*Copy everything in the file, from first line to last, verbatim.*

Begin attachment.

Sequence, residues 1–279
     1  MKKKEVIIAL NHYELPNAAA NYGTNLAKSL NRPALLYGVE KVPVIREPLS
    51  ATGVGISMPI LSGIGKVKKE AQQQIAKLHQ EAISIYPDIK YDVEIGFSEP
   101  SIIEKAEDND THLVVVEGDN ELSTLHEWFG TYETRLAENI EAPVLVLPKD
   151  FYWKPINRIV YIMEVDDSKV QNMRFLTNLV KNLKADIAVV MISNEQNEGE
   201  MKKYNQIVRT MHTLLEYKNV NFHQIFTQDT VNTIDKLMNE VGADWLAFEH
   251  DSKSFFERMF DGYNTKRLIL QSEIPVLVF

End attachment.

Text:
Sequence, residues 1–279
     1  MKKKEVIIAL NHYELPNAAA NYGTNLAKSL NRPALLYGVE KVPVIREPLS
    51  ATGVGISMPI LSGIGKVKKE AQQQIAKLHQ EAISIYPDIK YDVEIGFSEP
   101  SIIEKAEDND THLVVVEGDN ELSTLHEWFG TYETRLAENI EAPVLVLPKD
   151  FYWKPINRIV YIMEVDDSKV QNMRFLTNLV KNLKADIAVV MISNEQNEGE
   201  MKKYNQIVRT MHTLLEYKNV NFHQIFTQDT VNTIDKLMNE VGADWLAFEH
   251  DSKSFFERMF DGYNTKRLIL QSEIPVLVF